WR867: Greenhouse

Episode 867 January 31, 2024 00:57:03
WR867: Greenhouse
Witchpolice Radio
WR867: Greenhouse

Jan 31 2024 | 00:57:03


Hosted By

Sam Thompson

Show Notes

I caught up with experimental guitarist Curran Faris to talk about his latest release as Greenhouse, ‘Sacrifice Zones’ — which was one of my favourite local records of 2023 — and more!

Here's our chat about his current projects, including a collaboration with Cole Peters as Seracs, as well as reflecting emotion through atmosphere, approaching the guitar as a 'sound source' rather than an instrument, and much more.

Need more Greenhouse? Check out episode #393 (June 2019)

This episode brought to you by our pals at Devine Shirt Company.

Huge thanks to everyone who supports the podcast on Patreon. You can help out for as little as a couple bucks a month if you like the show and want to throw some change in the guitar case!

As always, if you like the podcast, please tell a friend or 20! Rate and review on your podcast player of choice! Word of mouth is still the main way Witchpolice Radio reaches new ears. Thanks for listening.

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Episode Transcript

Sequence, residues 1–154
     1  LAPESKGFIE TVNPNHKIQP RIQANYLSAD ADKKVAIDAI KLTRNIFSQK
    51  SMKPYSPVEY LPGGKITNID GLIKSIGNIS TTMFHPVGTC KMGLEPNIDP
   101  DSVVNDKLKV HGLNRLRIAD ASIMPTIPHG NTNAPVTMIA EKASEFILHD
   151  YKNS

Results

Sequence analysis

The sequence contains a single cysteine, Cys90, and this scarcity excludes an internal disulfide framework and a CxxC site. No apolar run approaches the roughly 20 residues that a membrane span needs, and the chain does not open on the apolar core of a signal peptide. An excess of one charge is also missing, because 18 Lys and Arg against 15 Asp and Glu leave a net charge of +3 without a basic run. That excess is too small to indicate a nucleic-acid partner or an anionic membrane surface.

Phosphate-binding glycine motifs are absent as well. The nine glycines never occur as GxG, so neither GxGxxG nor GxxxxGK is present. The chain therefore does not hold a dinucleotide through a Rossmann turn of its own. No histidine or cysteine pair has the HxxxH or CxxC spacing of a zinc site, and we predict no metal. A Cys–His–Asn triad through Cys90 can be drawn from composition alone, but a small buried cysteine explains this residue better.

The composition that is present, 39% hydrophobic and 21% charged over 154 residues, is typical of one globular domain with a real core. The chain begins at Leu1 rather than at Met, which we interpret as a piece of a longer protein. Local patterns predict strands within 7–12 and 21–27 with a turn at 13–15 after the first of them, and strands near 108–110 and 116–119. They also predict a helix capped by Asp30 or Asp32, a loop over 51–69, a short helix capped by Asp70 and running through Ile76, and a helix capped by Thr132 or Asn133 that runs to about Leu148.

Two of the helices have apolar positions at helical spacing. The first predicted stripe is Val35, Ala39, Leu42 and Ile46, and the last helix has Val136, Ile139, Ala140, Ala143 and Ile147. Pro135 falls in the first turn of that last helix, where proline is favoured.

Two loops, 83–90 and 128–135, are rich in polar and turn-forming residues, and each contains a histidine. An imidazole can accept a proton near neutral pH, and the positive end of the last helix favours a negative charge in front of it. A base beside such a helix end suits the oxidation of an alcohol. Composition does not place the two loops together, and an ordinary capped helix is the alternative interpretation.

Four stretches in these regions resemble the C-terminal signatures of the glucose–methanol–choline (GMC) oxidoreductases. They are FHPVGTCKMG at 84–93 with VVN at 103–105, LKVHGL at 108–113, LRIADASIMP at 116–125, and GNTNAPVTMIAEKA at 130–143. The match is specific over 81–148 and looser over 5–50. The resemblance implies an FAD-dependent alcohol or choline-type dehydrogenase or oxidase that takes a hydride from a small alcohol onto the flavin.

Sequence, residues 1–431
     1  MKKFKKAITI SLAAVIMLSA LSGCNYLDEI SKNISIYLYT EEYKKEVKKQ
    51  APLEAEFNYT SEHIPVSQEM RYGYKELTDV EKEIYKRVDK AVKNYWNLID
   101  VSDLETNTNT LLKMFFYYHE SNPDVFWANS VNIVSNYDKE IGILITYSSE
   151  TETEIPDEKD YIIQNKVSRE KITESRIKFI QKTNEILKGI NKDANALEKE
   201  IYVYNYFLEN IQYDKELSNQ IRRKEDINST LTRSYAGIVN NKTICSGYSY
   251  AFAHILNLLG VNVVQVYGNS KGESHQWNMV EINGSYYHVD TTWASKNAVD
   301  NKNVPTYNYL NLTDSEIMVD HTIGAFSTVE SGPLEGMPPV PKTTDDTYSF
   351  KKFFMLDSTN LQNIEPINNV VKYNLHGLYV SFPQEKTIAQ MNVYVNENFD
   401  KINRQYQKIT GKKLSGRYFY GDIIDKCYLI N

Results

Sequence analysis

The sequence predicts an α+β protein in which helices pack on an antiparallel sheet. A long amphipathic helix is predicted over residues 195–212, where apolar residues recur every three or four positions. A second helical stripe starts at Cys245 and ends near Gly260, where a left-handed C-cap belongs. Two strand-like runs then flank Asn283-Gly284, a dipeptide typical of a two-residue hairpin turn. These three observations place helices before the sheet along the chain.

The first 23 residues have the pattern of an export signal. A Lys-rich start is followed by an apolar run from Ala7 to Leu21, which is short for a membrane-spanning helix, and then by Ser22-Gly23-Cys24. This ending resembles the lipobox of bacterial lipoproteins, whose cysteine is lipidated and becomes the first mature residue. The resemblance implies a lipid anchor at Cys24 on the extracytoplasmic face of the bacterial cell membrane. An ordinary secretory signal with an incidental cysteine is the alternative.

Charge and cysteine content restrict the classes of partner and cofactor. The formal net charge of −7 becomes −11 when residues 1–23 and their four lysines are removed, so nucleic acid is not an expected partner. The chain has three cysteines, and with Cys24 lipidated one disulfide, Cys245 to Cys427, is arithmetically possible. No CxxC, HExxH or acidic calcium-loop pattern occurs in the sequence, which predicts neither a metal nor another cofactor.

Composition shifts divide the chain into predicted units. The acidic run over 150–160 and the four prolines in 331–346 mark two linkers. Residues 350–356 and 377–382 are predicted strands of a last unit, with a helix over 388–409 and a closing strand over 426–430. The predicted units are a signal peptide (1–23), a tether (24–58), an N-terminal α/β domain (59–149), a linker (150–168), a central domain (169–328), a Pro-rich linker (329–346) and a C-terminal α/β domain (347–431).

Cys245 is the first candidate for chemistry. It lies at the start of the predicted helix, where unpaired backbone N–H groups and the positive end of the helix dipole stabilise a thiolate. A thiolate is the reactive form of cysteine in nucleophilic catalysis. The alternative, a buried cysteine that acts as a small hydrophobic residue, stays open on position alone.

[00:00:02] Speaker A: If you're like me, you probably have a closet full of local band merch. And whether you know it or not, a lot of that band merch is probably made by Divine shirt company right here in Winnipeg. Divine shirt company has made all of the great witch police merch from our hoodies to our tooths to our t shirts. And if you're looking to get anything done, like screen printing, embroidery, graphic design, digital printing, go to see Divine shirt company at Divine Yourcompany, CA and tell them which witchpolice radio sent you. [00:00:41] Speaker B: One of our colleagues, Sam Thompson, who. [00:00:43] Speaker A: If you saw him, you'd sort of right away assume he was a hippie. Get up of your ass and get up on the bar. Welcome to Witch police radio. I'm here with a guest who has been on the show before, but it's been a while. I mean, the last time we talked on the podcast, he was still in sort of the old days that the pre pandemic era where I was actually going out and meeting interviewees sort of at their homes or jam spaces or whatever. And so that it almost divides the podcast into two separate eras because I've been doing this zoom thing now, this online interviews kind of since I had to by without any choice. Right. So I'm glad you're back on. I mean, I think people who listen to the podcast regularly will have heard me talking about your most recent record on one of my favorite local albums of the year episodes I did. And so I think the best way to start all this off is if you want to introduce yourself, give it a background about what it is you do, and we can take it from there. [00:01:51] Speaker B: Sure. My name is Kern Ferriss. I record under the moniker Greenhouse. I grew up in Winnipeg. I currently live in St. Andrews, Manitoba. Been making music as greenhouse for, I don't know, since about 2009 or 2010. And thanks again for having me on. And thanks so much for digging my latest record. And yeah, it's a huge honor to have it sort of make your year end list. So I really appreciate it. Thanks a lot. [00:02:28] Speaker A: Yeah, no, I'm glad that I picked up a copy from you because one of the things about doing the year end stuff the way I do is because I'm listening to everything physically. I don't necessarily have the easy, like, check out my stats and find out what I've listened to the most. So I kind of have to just go back and look through my shelves and think about it. Like, what have I had on a lot? And that record was definitely something that I had listened to a lot since I picked it up. So I do want to get into that and sort of what you're doing now, but just like, I feel like you're a very prolific, you release a lot of music, and it seems like every. Maybe it's been a while between the last few, I'm not sure, but I was looking at my kind of collection of local tapes, and you take up a large chunk of that, and like you said, you've been doing it for a decade and change now you have a lot of releases. Is that something you have done sort of by design, or is it just the way things have worked out? [00:03:17] Speaker B: I guess it's the way that it's worked out. If it's just age or bandwidth or whatever, I don't know. I feel like I've really slowed down, so that's nice to hear. Yeah. I think that the stuff that I did at the beginning of when I started this sort of project and getting into this approach to music, I guess I think I move a little bit slower now. Just sort of generally in terms of the amount of time that I sort of take to sort of sit on some tracks or sit on an idea and get it to a place where maybe I'm just pickier, but, yeah, I don't know. I think there's a difference in speed or I think ultimately it's just sort of my own. When I feel like something's ready and I'm happy I've got it in that place, and maybe that's just as times got on. I'm getting pickier and fussier with the work that I'm doing. [00:04:28] Speaker A: And I imagine it must not hurt that you're a solo artist in, I guess, the truest sense of the word. [00:04:34] Speaker B: Right. [00:04:34] Speaker A: You're doing this yourself, and I imagine that's got to help in terms of just being able to take the time you need or that you want on a record. I mean, if you want to put something out right away, you've recorded something, it's great all done. Or if you want to sit and tinker at it, you have that sort of ability to do so because there's no one else, really, that you're bringing along with you. [00:04:55] Speaker B: Right. [00:04:55] Speaker A: I mean, the majority of what you do is all very much just you, correct? [00:04:59] Speaker B: Yeah, totally. Which is maybe a blessing and a curse. I'm my own worst enemy. But the last few years, too, I've been collaborating with a different project with Cole Peters, who's built on your show, our project Syrax, and it's really know, after working solo for a long time, Cole and I had jammed previously, and obviously I've been in bands and stuff, too. [00:05:31] Speaker A: Yeah, of course. [00:05:33] Speaker B: But sort of in an experimental music setting or genre, I guess. Been really inspirational to work with Cole and have somebody to sort of get fired up by and sort of inspired by, and also bounce ideas off of as well. So that bounce has been really positive in a lot of ways in the last few years. [00:06:01] Speaker A: What does jamming with someone like that look like? Because, I mean, you say jamming, and I think a lot of people have this sense of what that means, but the type of music you're both doing is a lot less. It's harder to grasp just sort of, like, conceptually how you're making it, what you're doing, what you're going for with your sound. And I imagine both of you together, it's going to come up with interesting stuff. But how does that sort of dynamic work between the two of you? [00:06:25] Speaker B: Yeah, we've been friends for a really long time, and this is our second sort of iteration of a project together. This is under a different name and different approach. I think some of it comes from that. Just sort of knowing each other really well and sort of developing a bit of a sense of sort of like, I've got an idea here, and for me, anyway, I know there are certain things that Cole will do, or I hope I could hear something that he will bring over top of that, and I think that's part of it, too. So, I mean, a lot of it is just sort of bringing ideas into the basement and kind of like, just trying. It could just be a sound. It could be a field recording that he's made. It could be some weird effect combination that I have, and we'll just kind of play around with it and just kind of turn it over a bunch of different ways. We record everything and we listen to the recordings back and we just sort of start blocking things out instead of, like, verse, chorus, and different riffs. It's sort of like this section, and then let's bring in something here that's kind of how it works. [00:07:43] Speaker A: Well, I think that you're both doing music that is really heavily based on atmosphere, right. But yours is just more melodic than what he's doing. Not always, but just in general, I think that you listening to both of your stuff, yours has definitely got that element to it where his is more. I mean, like you said, there's field recordings and there's just kind of sounds and noise and stuff. This isn't really a direct offshoot to what I was just saying. But how has your sort of overall approach to doing this changed over the course of this project of greenhouse? Because, again, you've been doing it for a while, you've put out a lot of music, you've collaborated with various people over the years. Has your sort of approach to what you're trying to get out of it, what kind of sound you're trying to create, has that sort of been developing or mutating over the course of this? [00:08:37] Speaker B: I think yes and no. I think ultimately, what I wanted to do was to create, to use the tools that I had and the tools that I knew, the instruments I knew, which was guitar and pedals, and really being inspired initially by heavier bands, like bands on hydrahead records and stuff that would use instruments that I understood and that I had at my disposal, but to create soundscapes and things like that. And then from there, getting into all sorts of electronic music and experimental music just sort of generally. And so that's really, I think if I had to boil it down to one sort of thesis statement, I guess, really is just sort of to use the guitar, to just disguise it as much as I possibly could, view it more as like a sound source, view effect pedals as an instrument, rather than I would have traditionally approached it when I was playing in bands and just sort of playing the guitar, I think, with sacrifice zones, there was a little bit of a time that had elapsed between the previous tape and that one. Obviously, lots of change just for everybody, of course, over the pandemic. And so I really sort of felt compelled. Well, I don't know if compelled is too strong a word, but I felt like I wanted to hear the guitar a little bit more and actually play it in a more traditional sense. Or, you know, something that maybe would have been an approach that I would have taken on, like an earlier sort of recording or just experimenting at home. And that was actually really refreshing to sort of let some of that go a little bit. I kind of go like, no, actually, I'm going to strum these chords. What a novelty to just sort of strum them. Which was, again, something that I had avoided for quite a long time. Even just like the attack on the guitar strings was something that I try to disguise and cover up as much as I can. [00:20:00] Speaker A: When you're doing something like that, when you are, you're bringing back sort of the more. It's not a traditional album by any stretch, but that traditional sort of more guitar. Guitar style of playing is that. I mean, can you still get the same sort of textures by doing that? I mean, have you. Have you sort of found out how to use sort of the guitar, guitar playing to generate the same kind of atmosphere that you were doing when you were using the guitar as a sound source rather than an instrument? [00:20:28] Speaker B: Sure. Yeah. I mean, it's the final track on the tape that I'm kind of referring to. And, yeah, I think it worked out. It honestly just sort of started as just an idea for recording, or for a track, really, just to see if I liked it, to see if I hated it, to see if it worked or not. There's a little bit of overdub, some field recording and processing towards the end of the track, but that whole piece is just one take. So all those guitar tracks, there aren't any overdubs. It's all done live with different loopers and things like that. Yeah, I think ultimately it did fit. It sticks out enough, but I think in terms of atmosphere, and I think there's still enough sort of merck and sort of artifacts sort of zipping around in there that I think it fits with the other tracks. [00:21:48] Speaker A: Well, in listening to this tape, too, I tend to listen to most local music in the background while I'm working. Like, just pretty much everything I'm listening to lately. That's my main time for listening, because I'm sort of in the zone and I've got background music on. And your music is fantastic for that because. Thanks. It creates a mood, right? I mean, whatever that mood might be depending on, from song to song and album to album. But this one has. You can correct me if I'm wrong, but it definitely gave me more of, like. It was like a heavier vibe. [00:22:18] Speaker B: Heavy. [00:22:18] Speaker A: Not in terms of distorted guitars or whatever, but the atmosphere, instead of being sort of. These are terrible words to describe things, but, like, minimal and drifty. This was more kind of like. It was more oppressive, almost, and thicker. Is that something that you were going for, or is that just how I've interpreted it or misinterpreted it? [00:22:38] Speaker B: No, I don't think you've misinterpreted it at all. Yeah, I would agree. I think that it was recorded during 2021 and 22, and I'm hesitant to sort of. We all went through that, the pandemic and everything. I've never sort of attached sort of. This is like a pandemic statement done that, and that's not my thing. But, I mean, it influenced. For sure. It influenced her, for sure. It was a tough time. You know, for a lot of people, it was a tough time, you know, for. For me and my family. And it, you know, I think that some of that. I think some of that came through. You know, we're also incredibly fortunate, you know, compared to a lot of people during that time, too. But I definitely putting those tracks together, I sort of felt that same vibe and definitely wanted to sort of, I think, sort of process some of that period of time personally and sort of on a larger scale as well. So I think it's reflective of that, for sure. [00:24:08] Speaker A: Well, it's interesting, too, because this is something that comes up a lot when I'm talking to electronic artists, and I know you're doing something with, you're using an actual guitar, it's a different. But the idea of being able to express emotion in that way and then sort of reflect on something that's happening through instrumental music or through unconventional instrumental music, too, is always interesting because you don't have the obvious, direct way to address things that if you were singing or if you had a more traditional song structure and things like that, do you find it easy as an outlet to express that kind of stuff with your music? [00:24:49] Speaker B: Yes and no. I think that's a really good question. I think it's not every time. Compared to, say, like, writing a song with chords and a melody and hooks and riffs and things like that, it's rare that I will sort of. My approach wouldn't be the same. I've got this idea, or this thing happened, and I'm going to write a song about it and sort of tell a story that has a narrative. Or, like, this riff is super aggressive, and so whatever, it's about this thing or something. So I think that the approach isn't there. I think that it's a little bit more. It's still intentional, but it's not as. Not as sort of, like, from point a to point b of, like, I'm going, whatever. I'm really upset about something going to happen, or I'm really pissed off. And here's this field recording of the steel mill, and I'm going to run it through my fuzz pedal. It doesn't really work that way for me anyway. That's not sort of my approach. [00:26:15] Speaker A: Does it work in reverse, though, after listening to something that you've recorded and sort of knowing what was going on in your life and just in general at that time, does that ever kind of retroactively, like, oh, this feeling or this situation or whatever must have come through in this recording? [00:26:30] Speaker B: I think so, yeah, I think so. And it's interesting when I do listen back to older stuff to kind of like. Because I can very clearly remember sort of not only because I record everything at home, sort of what was going on or how old my kids were or whatever, the good and the not so good stuff that was happening. And I think that even just in terms of with my own music or just music of other musicians, other artists really been drawn to just sort of like the. I don't want to use the term atmosphere again, but just sort of like, even just the sonics of it could just be guitar tone or the way that another instrument feeds back at a certain part. And I've always kind of, like, zeroed in on those little moments again, talking about metal or indie rock or something like that. And so I think that I've always been able to sort of like, yeah, sorry, I'm rambling, but going back, trying to go back to the question you asked, I think that I may not sit down and sort of go, I want to create a piece that is about something exact or something very specific, but sort of, I think something that perhaps is reflective of a mood or of a feeling or an emotion and sort of approach it that way. And sometimes it's just something that just sounds good or resonates with me at that moment. [00:28:29] Speaker A: Yeah, that makes a lot of sense. Do you have a big archive of things you've recorded that you have chosen not to release? I imagine just working on your own, you probably are recording things all the time, right? Do you hold on to that stuff or do you just sort of keep the parts that you're going to actually use for releasing? [00:28:48] Speaker B: I should probably do a better job of that, to be honest. And I do have some sort of archives of bits and pieces, but I think I stand to improve on revisiting the archives, shall we say, and going back and being like, what is even in here? And a lot of the times I think I'm too quick to try something out, be like, I don't know, it didn't quite go, what? It didn't do what I wanted to do or something, and then just kind of zip onto the next thing. And I think there are some tracks and some ideas on sacrifice zones that came from sessions like that where I went back and I'm like, oh, yeah, right, this isn't here. And then kind of, like, reworked it and added some stuff, sometimes like a year later. Oh, cool. [00:29:55] Speaker A: I don't know if you have a plan at this point, but what's sort of the plan for following that one up? Do you have new music you're working on now? [00:30:04] Speaker B: I don't have any greenhouse stuff that I'm working on at the moment. Most of the stuff that I'm working on presently and sort of like, over the last, certainly when this tape was sort of getting wrapped up and when it came out is the project with Cole Peters Syrac. So we did some performances in the summer and the fall, and we're in the midst of recording as well. Hopefully, we were able to sort of finish that during the winter. So that's kind of been my primary sort of creative focus right now. Again, just because it's just a super exciting project. Cole's a super close friend, and it's just exciting and refreshing to be working with him on it. [00:31:04] Speaker A: Do you have any of that music? Is any of that stuff out yet, or is it all sort of two? I mean, I know you've played the live shows, but is there anything recorded that you've released yet, the two of you? [00:31:13] Speaker B: No, nothing's released. We're still sort of chipping away at, again, moving from figuring out to what do we want to sound like to how do we put this together and play it? And now we're kind of going like, okay, well, now how are we going to approach sort of recording this in a way that lends itself to being able to make edits but still kind of have a live kind of feel, which is kind of how we're kind of accustomed to working. That makes sense. [00:38:12] Speaker A: And so for people who haven't heard you before, and maybe they're just hearing about you the first time on the show, what's the best way to dig into your catalog? Because, like I said, you got a lot of tapes out there, and there's a lot of music sort of on different labels and floating around. Is there an entry point? Like, would you recommend a particular release if someone was wanting to check you out? [00:38:31] Speaker B: Honestly, I would suggest starting with the most recent and going backwards. I think sacrifice zones is. I think it's my favorite that I've done so far. I think everything I've done has been, like, a snapshot in time. But when I finished just what I listened, I re listened to it just my own. Before I sent it to the label or sent it around or even got it mastered, I'd be working, like you said, working at home, and I would just throw that on and really spent a lot of time in that phase just going like, is this sort of like this is passing my test. And at a certain point, I was just like, no, this is a record. This sounds like a record that I would own and buy. And then I was like, are you sure? And I would just keep going. So, anyway, I would suggest start there. And just honestly, any entry point that you can, however people find it cool is amazing and flattering and humbling, but, yeah, it's the most recent one. There's copies of the tapes still floating around from myself and the label in Europe, and I believe this one is up on the streamers as well, so it's pretty easy to find. [00:40:12] Speaker A: Cool. Well, that was kind of my next question, right. Is people listen to music so many different ways now. There's no guarantee that someone's going to even own a tape deck, which is how I've been listening to your stuff. So bandcamp, I imagine, would probably be another way to find a lot of the stuff. [00:40:25] Speaker B: Yeah. So audio, visuals, atmosphere is the label that's based in Belgium, so it's available on their bandcamp. [00:40:36] Speaker A: Cool. And then I guess the other stuff, the physical copies of the older tapes, those are kind of. You just got to find them, I imagine, right at this point. I mean, there's a lot of them sort of floating around out there. [00:40:47] Speaker B: Yeah, there's a few. Like, I think the last couple that this label has done are sold out at the source. I might have some somewhere. And I definitely have copies of sacrifice zones. And then the older stuff, there's copies floating around, too. [00:41:07] Speaker A: Cool. [00:41:08] Speaker B: Yeah. [00:41:09] Speaker A: Do you have, at this point, any plans for future live shows or in the relatively near future? [00:41:16] Speaker B: Nothing in the relatively near future, no. And honestly, again, there isn't really sort of, when I do play live, where I'm going to play this song and then would stop, it'll be not completely improvised, but I'll sort of have it charted out. But it's never really. If you're expecting to hear something from a release, probably not going to. [00:41:45] Speaker A: You're not taking requests. [00:41:46] Speaker B: Yeah, exactly. Yeah. I haven't figured out how to do it, but I'd like to. I will play out again at some point, for sure. Yeah. But nothing on the horizon at the moment. You.